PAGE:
On the Iran issue, it is crucial that there is an international response to his comments for the second time in two months. We should be aware that, perhaps, unlike other similar states, the President of Iran is playing national politics on the international stage. Clearly, he is losing the battle in terms of fundamentalism within his own bailiwick. Recent reports from Tehran show clearly that there are two societies in Iran and that many people are taking a much more progressive view. It is nice to see young women and young men walk down the streets in parts of Tehran holding hands and so on, something which was unheard of years ago. It is important that those people hear our voices in response and to that extent I fully agree with the point made by Senator Brian Hayes.
In the past week we had another appalling situation where seven people from the Middle East, in particular, working in this country were paid a paltry €2 per hour by a company called A1 Plastering which was doing work for a huge construction company, JJ Rattigan. That has been reported. I want people to recognise again that we have a serious problem in convincing those in the business community who are exploiting migrant workers, those who come into the State, that this is utterly wrong.
This is particularly important if we are looking at a new social partnership. I ask Members when speaking with people who run medium-sized enterprises whose spokespersons shout off at the mouth on radio and television, week after week, to be aware that if we pay workers lower wages we collect lower taxes, if we collect lower taxes, we cannot put money into health and education. If we pay lower wages to people it means they have less marginal income and the first people to lose will be the business community. It is in their interests, if they want to be selfish about it, but if we do not collect tax from one place it has to come from another.
We are creating a wealthy society in order to ensure the standards of living of all people in society, whether one is running a business or working for a business person, or whether one is in the public or private sector. That is what we are trying to achieve and that is what we need to ensure we deliver. It is pure practical simple politics. If we do not pay people more we pay the price at the end.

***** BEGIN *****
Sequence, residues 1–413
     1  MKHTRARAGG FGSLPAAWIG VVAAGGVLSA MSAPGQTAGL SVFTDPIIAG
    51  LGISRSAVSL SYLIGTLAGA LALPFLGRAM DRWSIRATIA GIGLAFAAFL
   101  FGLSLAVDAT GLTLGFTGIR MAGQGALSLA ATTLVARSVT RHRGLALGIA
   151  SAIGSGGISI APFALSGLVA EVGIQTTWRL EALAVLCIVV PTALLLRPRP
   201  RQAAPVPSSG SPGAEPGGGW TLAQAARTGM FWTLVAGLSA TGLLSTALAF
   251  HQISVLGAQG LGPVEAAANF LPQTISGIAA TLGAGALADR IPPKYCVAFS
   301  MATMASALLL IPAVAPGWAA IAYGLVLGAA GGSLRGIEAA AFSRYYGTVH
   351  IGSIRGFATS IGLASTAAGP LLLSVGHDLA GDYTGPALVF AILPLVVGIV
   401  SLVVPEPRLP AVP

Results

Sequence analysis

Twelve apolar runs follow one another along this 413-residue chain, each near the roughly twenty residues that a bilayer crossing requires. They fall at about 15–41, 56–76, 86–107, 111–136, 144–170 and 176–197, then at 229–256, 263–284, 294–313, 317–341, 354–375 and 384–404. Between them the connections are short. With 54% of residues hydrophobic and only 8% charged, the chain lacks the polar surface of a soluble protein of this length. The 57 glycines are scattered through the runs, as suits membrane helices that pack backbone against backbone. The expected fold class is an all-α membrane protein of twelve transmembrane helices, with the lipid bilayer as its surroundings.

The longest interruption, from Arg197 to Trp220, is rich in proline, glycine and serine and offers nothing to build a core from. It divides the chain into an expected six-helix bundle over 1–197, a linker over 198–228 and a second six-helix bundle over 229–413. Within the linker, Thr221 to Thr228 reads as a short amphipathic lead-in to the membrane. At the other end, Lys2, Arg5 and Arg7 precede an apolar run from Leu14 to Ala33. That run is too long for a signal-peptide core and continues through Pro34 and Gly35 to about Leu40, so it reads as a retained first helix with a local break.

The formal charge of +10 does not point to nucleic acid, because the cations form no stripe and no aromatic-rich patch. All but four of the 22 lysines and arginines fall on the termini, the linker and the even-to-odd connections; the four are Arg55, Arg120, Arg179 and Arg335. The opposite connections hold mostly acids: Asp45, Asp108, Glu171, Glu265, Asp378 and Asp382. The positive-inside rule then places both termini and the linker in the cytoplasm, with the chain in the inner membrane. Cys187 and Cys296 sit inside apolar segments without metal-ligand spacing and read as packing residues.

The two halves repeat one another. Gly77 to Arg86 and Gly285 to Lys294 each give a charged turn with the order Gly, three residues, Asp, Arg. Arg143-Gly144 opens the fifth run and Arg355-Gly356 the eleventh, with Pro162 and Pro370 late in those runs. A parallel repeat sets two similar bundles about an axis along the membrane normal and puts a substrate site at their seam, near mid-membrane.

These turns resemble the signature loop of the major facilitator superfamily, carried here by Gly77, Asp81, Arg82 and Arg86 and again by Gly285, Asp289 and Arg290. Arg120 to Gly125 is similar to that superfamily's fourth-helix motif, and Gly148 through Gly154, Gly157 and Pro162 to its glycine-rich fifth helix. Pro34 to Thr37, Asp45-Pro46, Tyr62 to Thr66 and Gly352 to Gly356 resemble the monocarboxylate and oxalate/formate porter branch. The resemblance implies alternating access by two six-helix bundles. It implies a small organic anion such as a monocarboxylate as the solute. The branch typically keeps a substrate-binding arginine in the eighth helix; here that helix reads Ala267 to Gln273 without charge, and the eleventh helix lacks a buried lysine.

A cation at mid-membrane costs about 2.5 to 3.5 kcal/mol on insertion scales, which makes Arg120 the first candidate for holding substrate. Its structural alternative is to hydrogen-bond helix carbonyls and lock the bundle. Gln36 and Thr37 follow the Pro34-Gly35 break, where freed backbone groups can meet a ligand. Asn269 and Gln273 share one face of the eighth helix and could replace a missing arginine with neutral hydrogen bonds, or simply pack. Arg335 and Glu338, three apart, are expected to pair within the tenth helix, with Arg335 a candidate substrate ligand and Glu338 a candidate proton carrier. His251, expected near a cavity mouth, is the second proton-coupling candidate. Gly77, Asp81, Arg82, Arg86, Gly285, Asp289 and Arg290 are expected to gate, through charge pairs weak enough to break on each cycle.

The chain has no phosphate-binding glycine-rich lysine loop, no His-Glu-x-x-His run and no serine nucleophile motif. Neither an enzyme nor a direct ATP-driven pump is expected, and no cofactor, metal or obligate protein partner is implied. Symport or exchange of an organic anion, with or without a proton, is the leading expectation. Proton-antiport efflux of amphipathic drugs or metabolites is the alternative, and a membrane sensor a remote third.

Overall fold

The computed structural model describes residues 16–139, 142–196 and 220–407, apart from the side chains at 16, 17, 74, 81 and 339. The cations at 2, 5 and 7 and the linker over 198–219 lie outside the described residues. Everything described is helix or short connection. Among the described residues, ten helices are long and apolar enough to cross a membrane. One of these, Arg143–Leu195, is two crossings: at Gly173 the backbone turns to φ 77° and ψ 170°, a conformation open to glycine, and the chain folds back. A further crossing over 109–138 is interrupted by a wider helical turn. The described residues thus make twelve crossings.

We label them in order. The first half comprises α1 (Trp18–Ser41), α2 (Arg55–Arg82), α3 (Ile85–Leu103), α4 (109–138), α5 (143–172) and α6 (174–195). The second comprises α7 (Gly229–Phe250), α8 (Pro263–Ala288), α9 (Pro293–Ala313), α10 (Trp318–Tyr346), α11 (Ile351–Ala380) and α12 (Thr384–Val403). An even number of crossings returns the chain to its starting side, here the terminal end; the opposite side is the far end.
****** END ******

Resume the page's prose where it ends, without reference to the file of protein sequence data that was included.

Agus mé ag caint anseo inné, dúras cúpla rud mar gheall ar an Acht teangan, agus go mórmhór the difficulties to which the Taoiseach referred in the other House about the significant costs for the publication of annual reports. I said we should be careful about that and, perhaps, the Act needs to be reviewed. The Coimisinéir Teanga, Seán Ó Cuirreáin, was good enough to contact me during the course of the past 24 hours. I made the point here yesterday that we could have the report properly translated but it need not necessarily be published in hard copy but could be published on the web. He said he is happy with that suggestion. His interpretation is that it will suffice if a report is published on the web. However, he wanted the publication to be simultaneous and I agree.
The Taoiseach got incorrect information when he spoke in the Dáil last week — which he has since corrected — about the costs of the English and Irish versions. It means we do not need to produce large numbers of publications in hard copy in the Irish language. If they are translated properly and available on the Internet that will be satisfactory. That is an important issue.
Táimid ag dul ar aghaidh. Níl scoilt eadrainn faoi sin, pé scéal é. Déarfainn, dá mbeadh acmhainní ar fáil, gur chóir iad a dhíriú i dtreo téacsleabhar do na meánscoileanna lán-Ghaelacha nach bhfuil ar fáil faoi láthair. I gcás mo mhic féin, leis an chuid is mó de na hábhair theicniúla a bhí idir lámha aige, bhí ar na páistí téacsleabhair Béarla a úsáid agus foclóir Gaeilge ag an am céanna chun na focail theicniciúla a aistriú go Gaoluinn. Ba chóir go mbeadh téacsleabhair ar fáil, agus sin an sprioc is tábhachtaí ar cheart don Rialtas a bheith aige. Rudaí a fhoilsiú i nGaoluinn would be to make sure that ever single second level school teaching through Irish would have available to it high quality text books in Irish. That is the most immediate problem.
Senator Brian Hayes is right about Iran. The situation there is becoming extremely worrying. Let us not forget that until comparatively recently the state of Israel pretended there was no such place as Palestine and said there were no such people as Palestinians, they were Jordanians and Egyptians and other people and that what they moved into in 1948 was essentially an empty space. I do not subscribe to that view but we genuinely have to worry about what is happening in Iran. It is an extraordinary country and is not by any means the most repressive country. It is a freer country than Saudia Arabia. It has used the greater freedom to elect a President and that is disturbing.